When most people think of art it is of the more typical kind that hangs on walls in a museum or stands as a sculpture on a city street. The idea of body modification as a form of art is less common to a typical art enthusiast, but local tattoo artists would beg to differ.

“The tattoos I create for my clients are just an extension of my art in a different medium up and walking around for the whole world to enjoy,” says John Lloyd, tattoo artist at Truth and Triumph in Dayton.

Tattoo shops are certainly not new to the Dayton area. Case in point, Truth and Triumph has two locations, one in Belmont and one in Vandalia, and has operated in the area for years. But tattoo shops in areas like downtown Centerville were unheard of until recently when Aisle9 Tattoo opened in the former Joli Boutique at 27 W. Franklin St. Local artists and shop owners say the opening of a tattoo shop in the heart of Centerville is a nod to the fact that society has become more accepting of body modification.

A new form of art
John Lloyd at Truth and Triumph has created body art for more than 12 years. Before that, he was an elementary and middle school art teacher. He also painted cars before settling on becoming a body artist.

“I loved working with kids, but didn’t get to make art as much as I liked,” he says. “I was a collector of tattoos and decided that was where I could really see myself.”

Lloyd got his start in the business working for no pay 60-80 hours a week for 20 months as an apprentice. He says the drive to do it came from the happiness on his client’s faces when he would finish a piece.

“I really want to make sure people are stoked about what they are doing.”

Jodi Thompson, a local nurse and mom of five, says it’s true. “John really worked with me to make sure this was the art I wanted. It’s not only beautiful it really expresses exactly what I was looking for and no one else will have anything like it.”
All about the experience
While Matt Clemmer, owner of Aisle9 Tattoo, will tell you that having a shop in downtown Centerville is somewhat unique he believes his shop is a great addition to the heart of the business district. ”We aren’t your typical shop.”
In fact, Aisle9 looks more like many of the spas in the area than what most people would expect. The business worked for more than nine months to create an open, airy environment that maintains some of the building’s unique character.
“Then we brought in some of the best artists in the Midwest, award-winning artists, to be sure our clients were getting not only the most incredible art but also that we were honoring the fact that we get to be a part of the rest of their lives,” Clemmer says.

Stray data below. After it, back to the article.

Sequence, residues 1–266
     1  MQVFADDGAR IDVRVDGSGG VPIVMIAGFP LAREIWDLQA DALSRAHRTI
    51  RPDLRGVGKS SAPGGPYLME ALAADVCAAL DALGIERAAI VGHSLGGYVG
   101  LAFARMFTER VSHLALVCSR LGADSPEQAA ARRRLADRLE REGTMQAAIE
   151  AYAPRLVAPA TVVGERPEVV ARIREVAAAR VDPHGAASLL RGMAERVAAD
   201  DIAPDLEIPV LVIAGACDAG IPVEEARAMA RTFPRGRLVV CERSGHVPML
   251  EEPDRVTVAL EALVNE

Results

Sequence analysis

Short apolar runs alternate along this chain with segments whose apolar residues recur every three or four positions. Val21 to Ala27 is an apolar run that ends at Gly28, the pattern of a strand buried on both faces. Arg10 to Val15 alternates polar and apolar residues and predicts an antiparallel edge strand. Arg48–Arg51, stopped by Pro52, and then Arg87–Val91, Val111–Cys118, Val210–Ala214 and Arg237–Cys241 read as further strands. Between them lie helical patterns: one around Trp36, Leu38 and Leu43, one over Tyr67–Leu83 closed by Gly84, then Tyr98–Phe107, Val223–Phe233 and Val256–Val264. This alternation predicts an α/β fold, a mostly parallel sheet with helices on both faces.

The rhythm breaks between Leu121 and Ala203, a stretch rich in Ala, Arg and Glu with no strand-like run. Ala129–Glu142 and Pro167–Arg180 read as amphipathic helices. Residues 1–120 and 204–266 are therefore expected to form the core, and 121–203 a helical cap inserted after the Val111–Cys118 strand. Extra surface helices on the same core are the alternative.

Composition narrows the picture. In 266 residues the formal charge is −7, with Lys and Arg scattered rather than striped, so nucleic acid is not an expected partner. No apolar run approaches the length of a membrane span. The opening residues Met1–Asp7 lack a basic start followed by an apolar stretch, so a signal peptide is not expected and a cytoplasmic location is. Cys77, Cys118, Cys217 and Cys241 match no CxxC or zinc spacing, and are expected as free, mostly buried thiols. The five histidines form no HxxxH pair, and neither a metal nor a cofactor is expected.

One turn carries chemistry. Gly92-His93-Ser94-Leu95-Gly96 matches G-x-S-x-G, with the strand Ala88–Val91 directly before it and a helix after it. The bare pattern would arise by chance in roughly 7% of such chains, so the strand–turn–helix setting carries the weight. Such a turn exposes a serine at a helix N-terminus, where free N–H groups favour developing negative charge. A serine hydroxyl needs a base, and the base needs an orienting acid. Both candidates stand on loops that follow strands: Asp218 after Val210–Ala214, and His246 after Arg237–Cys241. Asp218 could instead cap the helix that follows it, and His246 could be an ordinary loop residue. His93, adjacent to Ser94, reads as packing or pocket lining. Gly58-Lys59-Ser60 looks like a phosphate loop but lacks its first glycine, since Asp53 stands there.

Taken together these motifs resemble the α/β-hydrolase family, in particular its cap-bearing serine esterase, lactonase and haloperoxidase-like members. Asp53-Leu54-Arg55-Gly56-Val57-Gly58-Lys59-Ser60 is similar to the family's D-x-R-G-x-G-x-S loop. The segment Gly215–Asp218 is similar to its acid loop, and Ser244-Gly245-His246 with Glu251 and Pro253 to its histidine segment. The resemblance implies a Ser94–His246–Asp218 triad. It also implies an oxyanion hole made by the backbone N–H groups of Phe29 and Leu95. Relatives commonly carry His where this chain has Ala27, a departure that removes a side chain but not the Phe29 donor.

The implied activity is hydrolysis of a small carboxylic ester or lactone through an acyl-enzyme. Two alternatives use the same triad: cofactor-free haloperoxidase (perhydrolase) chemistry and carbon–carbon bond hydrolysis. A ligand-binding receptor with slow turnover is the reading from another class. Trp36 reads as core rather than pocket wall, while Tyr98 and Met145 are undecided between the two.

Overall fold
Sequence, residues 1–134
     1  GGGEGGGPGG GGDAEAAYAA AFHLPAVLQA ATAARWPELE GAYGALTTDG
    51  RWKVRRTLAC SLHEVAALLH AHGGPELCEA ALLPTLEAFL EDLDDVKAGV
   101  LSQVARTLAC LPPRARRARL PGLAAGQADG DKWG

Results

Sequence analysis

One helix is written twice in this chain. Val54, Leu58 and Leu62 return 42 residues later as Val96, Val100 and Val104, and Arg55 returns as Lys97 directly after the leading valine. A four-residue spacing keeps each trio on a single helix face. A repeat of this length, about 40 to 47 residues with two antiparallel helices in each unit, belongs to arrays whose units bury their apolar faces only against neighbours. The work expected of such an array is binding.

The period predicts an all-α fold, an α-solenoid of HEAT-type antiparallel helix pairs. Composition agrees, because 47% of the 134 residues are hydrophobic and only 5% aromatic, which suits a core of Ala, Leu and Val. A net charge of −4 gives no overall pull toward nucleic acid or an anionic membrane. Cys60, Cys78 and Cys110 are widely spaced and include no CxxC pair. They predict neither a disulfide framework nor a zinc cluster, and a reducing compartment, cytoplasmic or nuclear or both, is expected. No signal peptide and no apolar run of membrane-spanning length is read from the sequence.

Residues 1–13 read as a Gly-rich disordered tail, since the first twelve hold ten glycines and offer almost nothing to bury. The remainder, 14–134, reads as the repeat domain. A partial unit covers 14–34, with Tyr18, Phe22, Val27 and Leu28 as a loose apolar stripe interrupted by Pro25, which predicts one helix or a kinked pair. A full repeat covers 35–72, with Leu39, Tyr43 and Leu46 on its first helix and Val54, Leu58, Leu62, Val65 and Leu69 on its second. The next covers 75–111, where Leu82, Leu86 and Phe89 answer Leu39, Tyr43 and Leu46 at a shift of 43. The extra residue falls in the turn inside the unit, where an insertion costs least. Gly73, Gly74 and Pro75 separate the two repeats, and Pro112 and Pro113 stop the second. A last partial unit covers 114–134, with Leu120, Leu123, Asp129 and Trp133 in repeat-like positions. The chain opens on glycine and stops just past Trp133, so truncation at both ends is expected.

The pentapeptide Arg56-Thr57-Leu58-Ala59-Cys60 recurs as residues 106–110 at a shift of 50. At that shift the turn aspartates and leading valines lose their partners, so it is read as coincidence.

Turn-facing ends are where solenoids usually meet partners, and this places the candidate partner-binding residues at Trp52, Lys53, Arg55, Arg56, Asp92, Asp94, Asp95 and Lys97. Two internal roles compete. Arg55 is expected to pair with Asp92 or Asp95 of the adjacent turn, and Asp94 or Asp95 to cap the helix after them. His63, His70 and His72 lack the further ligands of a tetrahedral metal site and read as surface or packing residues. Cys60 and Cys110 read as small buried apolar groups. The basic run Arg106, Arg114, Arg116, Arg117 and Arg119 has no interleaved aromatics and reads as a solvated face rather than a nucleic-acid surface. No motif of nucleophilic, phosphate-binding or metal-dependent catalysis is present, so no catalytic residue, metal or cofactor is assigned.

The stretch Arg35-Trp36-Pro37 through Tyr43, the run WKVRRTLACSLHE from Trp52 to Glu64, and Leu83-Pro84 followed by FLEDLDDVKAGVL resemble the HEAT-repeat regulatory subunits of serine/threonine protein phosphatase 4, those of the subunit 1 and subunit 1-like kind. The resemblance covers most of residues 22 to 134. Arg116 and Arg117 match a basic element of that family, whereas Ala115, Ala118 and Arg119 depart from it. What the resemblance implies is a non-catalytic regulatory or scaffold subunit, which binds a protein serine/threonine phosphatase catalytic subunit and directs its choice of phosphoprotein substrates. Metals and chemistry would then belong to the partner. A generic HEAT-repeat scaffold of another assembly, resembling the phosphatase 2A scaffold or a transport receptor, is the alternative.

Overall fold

Aisle9 is also unique in that it provides medical procedures in its shop. Clemmer, a realism artist, gets referrals from area plastic surgeons and provides tattoos for women in the reconstruction process after breast cancer.

“These women are able to get back a part of themselves they thought they lost. It’s a gift to provide this service, to help rebuild their self worth.”

Clemmer says the name for his shop came from something he believes and says often.

“Miracles and blessing happen anywhere, even in aisle nine at the grocery. It is incredible that we get to create them for our clients right here every day.”

Tips for newbies
If you are considering your first tattoo, Lloyd says to remember that you are creating a relationship with your artist. “You may think you are driving, but really you are only controlling the brake.” So here are a couple of tips to be sure you have the best experience.

● First and most importantly, do your homework. Have a design in mind and then find an artist who does that kind of work. Take a look at the artist’s portfolio of previous work. Then trust that artist to know what they are doing.

“It sounds trite, but do your research,” says Lloyd. “This is an installation of permanent art on your body. You have to walk around with the results.”

Clemmer agrees. “I have artists here who are excellent letterers. If a client comes to me wanting lettering, I redirect them to the person who can do the best job for them. Not all shops or artists do that, but here there’s no ego.”

● Second, check out the shop. Is it run like a business? Does it have a professional environment and process?

“Most shops will have a shop minimum. They will have a professional way of handling your appointments. Someone will greet you and get you settled. It’s all part of customer service, which businesses know is important,” says Lloyd.

● Be sure to understand your artist’s rate, bring cash and know that it is customary to tip.

Finally, Clemmer believes the artist you choose should understand the importance of this moment and want to create an experience to honor that.

“We have a responsibility to help them find something epic and timeless, and to deliver that art to them,” he says. “This is legacy for the client, but also for the artist. We understand this is a memory and a gift they are giving themselves.”


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